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Learning in the Footsteps of Greatness

Mitchell Palmertree

University of Mississippi student is heading to Virginia this May to study leadership at the home of the country’s first leader, George Washington.

Mitchell Palmertree, a sophomore public policy leadership major from Winona, has been selected as a Mount Vernon Leadership Fellow. The program is a highly selective, six-week institute for 16 rising college juniors across the country that offers unparalleled leadership learning and networking opportunities at Mount Vernon, the historic home outside Washington, D.C., of the country’s first president.

“This truly is an opportunity to experience something very few people could ever dream of,” Palmertree said. “To call such a historic place my home and experience some of the same experiences as our first president for even a short time will be both awe-inspiring and transformational.

“In addition to this, for six weeks I will be surrounded by other highly driven individuals much like myself. Just the thought of being able to problem-solve with and bounce ideas off of these other fellows is amazing.”

Over the course of his May 25-July 5 stay at the institute, which includes housing, transportation, meals and a $3,000 stipend, Palmertree will study a character-based leadership and decision-making curriculum modeled after Washington’s military and political career. He also will learn about institution building, identify areas for growth and meet with national leaders in government, military, industry and nonprofits, learning from their journeys and counsel.

A highlight of the program is turning a personal passion into a blueprint for action in the form of a capstone project.

“I feel Mount Vernon will inspire me further simply with the location, the caliber of fellows and the variety of speakers,” Palmertree said. “I fully expect that I will come out of this summer a better leader and a better person simply by experiencing that.”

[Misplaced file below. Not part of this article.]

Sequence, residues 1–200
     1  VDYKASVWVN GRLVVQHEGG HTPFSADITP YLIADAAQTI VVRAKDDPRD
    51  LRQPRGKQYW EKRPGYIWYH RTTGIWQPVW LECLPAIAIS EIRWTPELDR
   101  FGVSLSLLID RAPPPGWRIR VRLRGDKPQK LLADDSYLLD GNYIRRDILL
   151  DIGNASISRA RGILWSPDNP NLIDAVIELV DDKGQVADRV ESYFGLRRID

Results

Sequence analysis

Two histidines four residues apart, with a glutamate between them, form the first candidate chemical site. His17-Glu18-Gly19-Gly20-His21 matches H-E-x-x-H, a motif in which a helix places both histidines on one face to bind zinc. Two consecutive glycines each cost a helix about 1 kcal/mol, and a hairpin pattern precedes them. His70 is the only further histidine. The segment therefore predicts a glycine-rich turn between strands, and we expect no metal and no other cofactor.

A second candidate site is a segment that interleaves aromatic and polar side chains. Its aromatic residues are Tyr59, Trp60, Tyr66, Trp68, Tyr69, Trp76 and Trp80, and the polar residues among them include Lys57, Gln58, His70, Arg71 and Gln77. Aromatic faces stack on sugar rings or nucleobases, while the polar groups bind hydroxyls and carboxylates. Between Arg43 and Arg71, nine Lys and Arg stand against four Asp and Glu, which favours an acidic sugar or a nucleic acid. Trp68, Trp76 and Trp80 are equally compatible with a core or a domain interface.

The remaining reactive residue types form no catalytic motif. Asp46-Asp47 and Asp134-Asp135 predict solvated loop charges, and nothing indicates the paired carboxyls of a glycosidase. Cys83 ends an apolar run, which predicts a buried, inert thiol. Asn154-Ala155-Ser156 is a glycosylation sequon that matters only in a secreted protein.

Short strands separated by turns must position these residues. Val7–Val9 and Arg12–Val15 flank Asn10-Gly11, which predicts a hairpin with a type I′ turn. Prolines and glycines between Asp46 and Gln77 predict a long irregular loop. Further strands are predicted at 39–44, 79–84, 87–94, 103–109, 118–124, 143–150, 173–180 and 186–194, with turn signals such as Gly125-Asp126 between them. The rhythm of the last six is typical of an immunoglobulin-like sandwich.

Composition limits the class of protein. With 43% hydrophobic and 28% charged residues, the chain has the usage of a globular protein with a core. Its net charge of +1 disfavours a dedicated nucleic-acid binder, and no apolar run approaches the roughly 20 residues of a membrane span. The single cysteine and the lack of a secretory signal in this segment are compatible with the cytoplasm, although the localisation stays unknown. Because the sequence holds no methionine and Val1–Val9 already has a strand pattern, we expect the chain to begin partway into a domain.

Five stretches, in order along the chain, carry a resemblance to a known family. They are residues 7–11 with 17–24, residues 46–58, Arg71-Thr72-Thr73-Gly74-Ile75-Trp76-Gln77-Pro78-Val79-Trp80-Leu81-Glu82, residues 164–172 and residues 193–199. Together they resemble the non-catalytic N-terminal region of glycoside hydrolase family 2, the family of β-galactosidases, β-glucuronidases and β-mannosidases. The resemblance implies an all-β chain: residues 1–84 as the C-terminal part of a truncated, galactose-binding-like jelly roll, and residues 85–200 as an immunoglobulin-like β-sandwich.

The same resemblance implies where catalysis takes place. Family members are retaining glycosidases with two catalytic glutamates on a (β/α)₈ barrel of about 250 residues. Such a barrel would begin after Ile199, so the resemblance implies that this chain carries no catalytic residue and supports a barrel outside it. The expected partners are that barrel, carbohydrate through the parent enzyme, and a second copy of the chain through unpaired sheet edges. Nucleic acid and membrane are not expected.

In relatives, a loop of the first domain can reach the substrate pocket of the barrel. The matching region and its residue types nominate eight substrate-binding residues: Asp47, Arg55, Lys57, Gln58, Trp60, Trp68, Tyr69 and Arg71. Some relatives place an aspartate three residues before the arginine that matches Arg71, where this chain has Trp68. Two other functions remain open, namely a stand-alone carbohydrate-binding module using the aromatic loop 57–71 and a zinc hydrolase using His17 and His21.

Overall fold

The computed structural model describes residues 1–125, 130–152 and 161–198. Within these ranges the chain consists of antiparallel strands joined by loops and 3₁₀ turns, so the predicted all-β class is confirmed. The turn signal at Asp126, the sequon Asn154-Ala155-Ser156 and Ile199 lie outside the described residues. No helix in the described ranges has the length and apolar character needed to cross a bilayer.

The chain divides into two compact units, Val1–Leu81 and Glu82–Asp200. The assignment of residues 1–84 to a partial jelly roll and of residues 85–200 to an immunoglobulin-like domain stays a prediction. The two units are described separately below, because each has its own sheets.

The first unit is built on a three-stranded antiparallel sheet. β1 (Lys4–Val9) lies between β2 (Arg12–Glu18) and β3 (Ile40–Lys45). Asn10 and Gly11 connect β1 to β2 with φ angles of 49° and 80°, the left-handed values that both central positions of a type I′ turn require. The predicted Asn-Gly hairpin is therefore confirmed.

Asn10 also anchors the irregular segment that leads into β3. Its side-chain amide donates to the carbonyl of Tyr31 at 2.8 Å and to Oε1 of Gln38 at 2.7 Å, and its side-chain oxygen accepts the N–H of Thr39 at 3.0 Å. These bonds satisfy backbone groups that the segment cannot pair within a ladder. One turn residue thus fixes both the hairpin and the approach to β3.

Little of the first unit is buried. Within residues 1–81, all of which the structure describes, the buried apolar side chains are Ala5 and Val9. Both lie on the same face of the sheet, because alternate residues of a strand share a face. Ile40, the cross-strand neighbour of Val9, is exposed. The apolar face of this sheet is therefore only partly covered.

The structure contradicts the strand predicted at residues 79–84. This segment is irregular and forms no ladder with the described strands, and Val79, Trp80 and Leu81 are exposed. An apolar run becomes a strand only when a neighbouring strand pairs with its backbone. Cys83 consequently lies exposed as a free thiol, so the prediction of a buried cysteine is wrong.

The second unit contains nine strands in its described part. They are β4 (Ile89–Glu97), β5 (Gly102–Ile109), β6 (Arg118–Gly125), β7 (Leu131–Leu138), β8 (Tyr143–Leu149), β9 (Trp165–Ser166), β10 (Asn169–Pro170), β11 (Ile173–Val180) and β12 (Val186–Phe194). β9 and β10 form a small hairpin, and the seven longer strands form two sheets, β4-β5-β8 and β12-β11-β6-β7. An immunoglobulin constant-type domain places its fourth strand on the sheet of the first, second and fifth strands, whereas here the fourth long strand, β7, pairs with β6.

Palmertree, who studies in the Sally McDonnell Barksdale Honors College, is the second student from the college in as many years to be selected to the Mount Vernon Leadership Fellows Program. Elizabeth Boyer, of Houston, was selected last year, becoming the first Ole Miss student ever admitted to the program, which started in 2015.

“Mitchell’s passion emerges from his convictions and his ability to align his actions with these deep-felt commitments,” said Douglass Sullivan-Gonzalez, dean of the Honors College. “Rare are the young people who can follow through on their passions to implement strategies to mitigate the challenges in a community.

“Mitchell’s track record mirrors those convictions and proves that he has already made a difference. We are very proud of his accomplishments and elated with this national recognition.”

Palmertree’s proposed capstone project is inspired by his work last summer, when he interned at the Sunflower County Freedom Project, an educational nonprofit program in the Mississippi Delta for middle and high school students. Having grown up only 50 miles east of Sunflower, Palmertree recognizes the challenges facing young people in rural Mississippi, especially when it comes to educational opportunities, and he would like to create a project similar to the Sunflower County Freedom Project in Winona.

The Mount Vernon Leadership Fellows Program presents a roadmap for bringing such a project to Winona, along with needed resources and support, he said.

“I am hoping Mount Vernon equips me with the necessary skills to turn my dream of the freedom project in Winona into a reality,” he said. “I want the freedom project in Winona to be so much more than just another summer or after-school program; mediocracy is not a goal of mine. I want it to be an engine for change and progress in my hometown.

“Simply starting it is a tall task by itself, and developing it into the vision I see it as is even more challenging. My deepest hope is that I leave Mount Vernon this summer with the complete confidence that I can turn this dream into a reality.”

The Mount Vernon Leadership Fellows Program selects young people – just like Palmertree – who have a passion for making the world a better place and inspires young leaders while connecting them to mentors and helping them design a workable plan to carry out their dreams, said Tim Dolan, director of the UM Office of National Scholarship Advisement.

“Mitchell cares deeply about Mississippi and wants to work to help the state move past its legacies of racism and segregation,” he said. “He has a plan to begin in his hometown of Winona, and I believe they recognized his vision and willingness to invest his energy into creating positive change.”

By Shea Stewart

Adam Brown
Adam Brown
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